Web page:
Resources save the day again

WAS that a bugle sounding off in the distance?

One thing you have to love about living in WA is everyone time the nasty menace of recession surrounds the pilgrims of economic growth the resources cavalry arrives with a sense of timing few Hollywood directors could contrive.

This time, just as the evidence was starting to mount that the first official year of the new millennium was shaping up to be a bad one, it was the $2.4 billion expansion of the NW Shelf gas project which appeared like the troopers on the horizon.

That is the way of the wild West.

The economists will tell you that WA relies more heavily on business investment than the other states, a fact that counts against during national boom times when retail spending goes through the roof.

Of course, businesses also work on confidence in the market when they invest, just as consumers do when they spend.

It’s just that the cycle is different.

Business is the driver. When business is confident investment will pay dividends it starts to spend, beginning the cycle of trickle down which eventually ends up with consumers taking their bulging pay packets, blowing them at the casino, or buying the latest fashions.

Because these cycles are different, WA’s economy acts slightly differently than the east coast, with shallower troughs in the bad times but weaker peaks in the good times.

These cycles start at the very top of the feeding chain. The biggest players, who have the biggest effect on the economy, need the longest lead time to make their investment decisions.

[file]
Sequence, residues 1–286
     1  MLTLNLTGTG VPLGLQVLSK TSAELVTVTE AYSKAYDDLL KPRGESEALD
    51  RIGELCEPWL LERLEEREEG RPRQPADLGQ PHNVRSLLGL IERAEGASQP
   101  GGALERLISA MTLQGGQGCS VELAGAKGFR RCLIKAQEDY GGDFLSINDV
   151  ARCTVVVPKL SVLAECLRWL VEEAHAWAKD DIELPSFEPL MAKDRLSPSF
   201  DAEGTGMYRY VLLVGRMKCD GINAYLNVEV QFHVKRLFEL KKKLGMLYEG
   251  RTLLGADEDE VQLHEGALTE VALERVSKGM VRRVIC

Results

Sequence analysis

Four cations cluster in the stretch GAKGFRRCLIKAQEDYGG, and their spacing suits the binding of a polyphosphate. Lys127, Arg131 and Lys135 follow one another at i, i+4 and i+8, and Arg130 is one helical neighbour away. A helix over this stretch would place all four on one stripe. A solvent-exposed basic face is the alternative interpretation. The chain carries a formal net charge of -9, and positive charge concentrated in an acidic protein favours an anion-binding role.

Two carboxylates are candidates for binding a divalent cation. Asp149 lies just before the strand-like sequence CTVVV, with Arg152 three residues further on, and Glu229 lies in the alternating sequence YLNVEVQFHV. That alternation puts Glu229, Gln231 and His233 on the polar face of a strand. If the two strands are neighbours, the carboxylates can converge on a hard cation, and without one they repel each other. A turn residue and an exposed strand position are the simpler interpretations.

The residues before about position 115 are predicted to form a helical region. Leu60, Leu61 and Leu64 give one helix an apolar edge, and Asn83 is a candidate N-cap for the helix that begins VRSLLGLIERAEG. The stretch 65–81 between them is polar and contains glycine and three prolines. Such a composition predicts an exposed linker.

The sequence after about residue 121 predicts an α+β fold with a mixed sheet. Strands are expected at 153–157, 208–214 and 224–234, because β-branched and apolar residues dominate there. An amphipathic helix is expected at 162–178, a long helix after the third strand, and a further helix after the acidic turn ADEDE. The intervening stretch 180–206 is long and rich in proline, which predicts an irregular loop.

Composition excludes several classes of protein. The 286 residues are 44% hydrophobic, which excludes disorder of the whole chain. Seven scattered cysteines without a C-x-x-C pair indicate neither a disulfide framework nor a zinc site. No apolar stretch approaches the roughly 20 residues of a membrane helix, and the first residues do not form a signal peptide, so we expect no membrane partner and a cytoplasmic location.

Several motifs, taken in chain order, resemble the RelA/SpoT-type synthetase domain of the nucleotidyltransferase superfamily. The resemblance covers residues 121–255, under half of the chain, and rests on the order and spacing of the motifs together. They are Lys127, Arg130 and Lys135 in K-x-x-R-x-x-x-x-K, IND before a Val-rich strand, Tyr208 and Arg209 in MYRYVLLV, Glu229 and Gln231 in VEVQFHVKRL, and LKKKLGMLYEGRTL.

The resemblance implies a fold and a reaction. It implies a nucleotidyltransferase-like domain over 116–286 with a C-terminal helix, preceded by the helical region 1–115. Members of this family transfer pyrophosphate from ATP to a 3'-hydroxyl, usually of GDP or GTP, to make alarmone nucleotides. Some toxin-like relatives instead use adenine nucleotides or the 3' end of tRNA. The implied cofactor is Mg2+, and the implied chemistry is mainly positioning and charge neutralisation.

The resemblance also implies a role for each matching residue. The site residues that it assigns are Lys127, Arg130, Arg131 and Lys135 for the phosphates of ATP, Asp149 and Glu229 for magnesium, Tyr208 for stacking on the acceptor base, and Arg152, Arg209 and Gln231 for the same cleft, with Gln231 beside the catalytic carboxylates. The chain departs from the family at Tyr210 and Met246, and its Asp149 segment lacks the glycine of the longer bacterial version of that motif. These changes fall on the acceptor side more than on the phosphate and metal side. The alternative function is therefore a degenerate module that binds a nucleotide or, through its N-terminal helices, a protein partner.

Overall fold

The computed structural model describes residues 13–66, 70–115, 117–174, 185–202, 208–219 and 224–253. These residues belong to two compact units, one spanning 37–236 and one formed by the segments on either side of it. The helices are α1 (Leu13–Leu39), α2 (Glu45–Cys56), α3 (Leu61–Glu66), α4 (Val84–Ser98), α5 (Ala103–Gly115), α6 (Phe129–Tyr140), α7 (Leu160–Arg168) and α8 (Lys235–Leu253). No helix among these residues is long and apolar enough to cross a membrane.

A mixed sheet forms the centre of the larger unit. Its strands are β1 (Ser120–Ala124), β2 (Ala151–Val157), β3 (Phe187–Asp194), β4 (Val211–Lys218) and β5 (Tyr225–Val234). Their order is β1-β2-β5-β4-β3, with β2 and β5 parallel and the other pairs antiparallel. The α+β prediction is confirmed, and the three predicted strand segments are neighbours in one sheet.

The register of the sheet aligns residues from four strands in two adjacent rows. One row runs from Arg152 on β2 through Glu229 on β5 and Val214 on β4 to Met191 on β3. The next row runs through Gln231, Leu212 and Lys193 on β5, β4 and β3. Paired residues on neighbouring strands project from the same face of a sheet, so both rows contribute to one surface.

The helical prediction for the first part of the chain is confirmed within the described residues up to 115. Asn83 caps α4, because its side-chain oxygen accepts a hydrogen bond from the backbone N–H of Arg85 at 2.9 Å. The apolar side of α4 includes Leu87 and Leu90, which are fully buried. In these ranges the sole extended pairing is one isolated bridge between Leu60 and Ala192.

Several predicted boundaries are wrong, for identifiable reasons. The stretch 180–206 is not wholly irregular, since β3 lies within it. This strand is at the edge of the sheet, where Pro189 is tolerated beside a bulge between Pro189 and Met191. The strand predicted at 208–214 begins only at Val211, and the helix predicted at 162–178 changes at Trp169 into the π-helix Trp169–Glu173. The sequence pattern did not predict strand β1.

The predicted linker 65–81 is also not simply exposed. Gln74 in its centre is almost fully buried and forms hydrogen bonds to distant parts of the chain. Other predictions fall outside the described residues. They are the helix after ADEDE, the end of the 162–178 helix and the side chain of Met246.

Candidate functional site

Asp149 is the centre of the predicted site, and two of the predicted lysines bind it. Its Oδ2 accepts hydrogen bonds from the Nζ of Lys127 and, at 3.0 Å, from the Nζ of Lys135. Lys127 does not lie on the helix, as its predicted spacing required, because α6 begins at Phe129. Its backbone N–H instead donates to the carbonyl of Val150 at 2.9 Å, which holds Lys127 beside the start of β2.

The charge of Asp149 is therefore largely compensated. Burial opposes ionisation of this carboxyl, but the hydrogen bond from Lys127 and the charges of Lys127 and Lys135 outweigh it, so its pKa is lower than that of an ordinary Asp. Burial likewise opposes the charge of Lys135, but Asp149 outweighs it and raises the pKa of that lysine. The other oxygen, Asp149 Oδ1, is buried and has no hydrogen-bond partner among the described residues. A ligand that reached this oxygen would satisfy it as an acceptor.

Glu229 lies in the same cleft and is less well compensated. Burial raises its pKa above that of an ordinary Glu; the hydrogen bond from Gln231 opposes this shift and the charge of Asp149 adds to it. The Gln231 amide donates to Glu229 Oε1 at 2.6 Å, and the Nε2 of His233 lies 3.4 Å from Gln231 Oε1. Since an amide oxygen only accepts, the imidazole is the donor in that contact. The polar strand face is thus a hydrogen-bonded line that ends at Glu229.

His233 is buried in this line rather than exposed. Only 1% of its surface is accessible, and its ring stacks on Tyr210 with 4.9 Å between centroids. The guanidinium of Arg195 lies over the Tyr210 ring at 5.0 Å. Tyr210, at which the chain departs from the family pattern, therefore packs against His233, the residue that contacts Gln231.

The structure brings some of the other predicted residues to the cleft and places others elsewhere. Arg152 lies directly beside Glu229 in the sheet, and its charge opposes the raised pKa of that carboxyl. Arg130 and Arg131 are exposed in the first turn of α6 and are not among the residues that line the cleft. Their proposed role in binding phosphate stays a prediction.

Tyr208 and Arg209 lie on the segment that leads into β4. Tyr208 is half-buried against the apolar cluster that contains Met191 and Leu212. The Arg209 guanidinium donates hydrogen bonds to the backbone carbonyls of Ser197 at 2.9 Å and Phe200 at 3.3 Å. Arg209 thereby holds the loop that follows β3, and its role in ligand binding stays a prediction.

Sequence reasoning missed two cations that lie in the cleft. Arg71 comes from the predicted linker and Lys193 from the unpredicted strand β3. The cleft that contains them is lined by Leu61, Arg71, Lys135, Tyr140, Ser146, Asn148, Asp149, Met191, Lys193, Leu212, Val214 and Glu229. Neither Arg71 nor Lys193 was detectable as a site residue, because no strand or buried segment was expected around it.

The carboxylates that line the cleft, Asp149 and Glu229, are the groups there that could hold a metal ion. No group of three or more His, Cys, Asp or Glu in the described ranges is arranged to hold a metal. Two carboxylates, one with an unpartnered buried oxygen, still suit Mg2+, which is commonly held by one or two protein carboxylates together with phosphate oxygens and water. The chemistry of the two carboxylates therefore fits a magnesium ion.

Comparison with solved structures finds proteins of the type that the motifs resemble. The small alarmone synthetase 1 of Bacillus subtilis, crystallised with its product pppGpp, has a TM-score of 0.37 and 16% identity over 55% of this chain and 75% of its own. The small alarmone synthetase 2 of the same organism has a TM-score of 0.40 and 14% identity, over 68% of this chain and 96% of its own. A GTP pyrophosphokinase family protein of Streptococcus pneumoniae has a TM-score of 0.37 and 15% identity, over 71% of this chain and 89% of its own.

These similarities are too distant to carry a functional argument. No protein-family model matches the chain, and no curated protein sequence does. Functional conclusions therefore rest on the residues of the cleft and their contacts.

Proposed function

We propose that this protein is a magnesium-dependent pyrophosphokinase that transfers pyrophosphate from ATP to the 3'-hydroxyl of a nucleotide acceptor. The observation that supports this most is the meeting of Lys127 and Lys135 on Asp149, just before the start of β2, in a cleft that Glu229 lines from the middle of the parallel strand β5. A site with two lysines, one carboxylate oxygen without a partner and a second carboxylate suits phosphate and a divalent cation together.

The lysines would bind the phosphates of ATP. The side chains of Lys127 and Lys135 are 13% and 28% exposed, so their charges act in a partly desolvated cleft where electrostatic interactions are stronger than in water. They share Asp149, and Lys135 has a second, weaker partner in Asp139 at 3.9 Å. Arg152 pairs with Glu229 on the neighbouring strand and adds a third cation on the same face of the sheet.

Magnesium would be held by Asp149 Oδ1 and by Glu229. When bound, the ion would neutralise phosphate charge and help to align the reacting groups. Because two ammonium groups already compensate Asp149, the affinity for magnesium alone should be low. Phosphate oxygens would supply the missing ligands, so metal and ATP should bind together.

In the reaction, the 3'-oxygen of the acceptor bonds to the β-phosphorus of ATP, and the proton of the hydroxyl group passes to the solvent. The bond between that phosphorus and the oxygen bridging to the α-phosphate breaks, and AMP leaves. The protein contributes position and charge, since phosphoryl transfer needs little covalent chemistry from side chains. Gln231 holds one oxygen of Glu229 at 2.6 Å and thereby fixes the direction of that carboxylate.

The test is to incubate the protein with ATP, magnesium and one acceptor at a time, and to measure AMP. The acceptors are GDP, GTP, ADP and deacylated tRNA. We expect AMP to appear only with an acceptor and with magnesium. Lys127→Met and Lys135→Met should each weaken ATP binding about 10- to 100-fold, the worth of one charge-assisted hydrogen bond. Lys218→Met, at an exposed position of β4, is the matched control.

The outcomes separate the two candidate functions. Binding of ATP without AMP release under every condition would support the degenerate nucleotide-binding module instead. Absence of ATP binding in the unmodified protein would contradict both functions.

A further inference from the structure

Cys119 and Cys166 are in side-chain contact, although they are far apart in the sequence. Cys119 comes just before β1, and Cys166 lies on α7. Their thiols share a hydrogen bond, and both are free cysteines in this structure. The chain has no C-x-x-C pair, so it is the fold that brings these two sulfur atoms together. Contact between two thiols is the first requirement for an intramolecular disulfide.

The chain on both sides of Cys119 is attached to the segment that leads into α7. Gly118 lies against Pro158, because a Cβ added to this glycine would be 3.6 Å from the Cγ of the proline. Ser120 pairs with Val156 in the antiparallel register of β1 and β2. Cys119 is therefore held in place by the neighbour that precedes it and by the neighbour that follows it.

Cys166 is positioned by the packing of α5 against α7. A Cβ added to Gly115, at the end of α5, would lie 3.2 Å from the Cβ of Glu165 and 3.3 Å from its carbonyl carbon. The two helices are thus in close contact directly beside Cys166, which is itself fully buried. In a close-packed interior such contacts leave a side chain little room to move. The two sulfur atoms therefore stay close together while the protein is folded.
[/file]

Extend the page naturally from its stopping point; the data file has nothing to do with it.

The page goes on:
Putting on a fourth LNG train at the Burrup Peninsula is not like buying another delivery van.

Hence, we have a situation where a timely investment project appears to have saved the day.

A lot of WA business people will be priming up their businesses to meet growing demand from the North West Shelf, just as a series of other businesses are failing.

The two things square off to an extent, helping smooth the economic picture.

It’s a great thing about this State but, be warned, economic stability of this nature can also breed complacency. One day, there might not be a major resources project charging to our rescue.

Red tape ties up business migrants

Perhaps its time the Federal Government found a new way to sort the wheat from the chaff.

While tough immigration laws may be saving us from a wave of cheap labour and petty criminals, they also appear to be making it difficult for some people to come here and do business.

As our Aussie dollar hurtles to oblivion, we may soon find there are not too many people who are that keen to devote time and money investing in our Pacific Peso.

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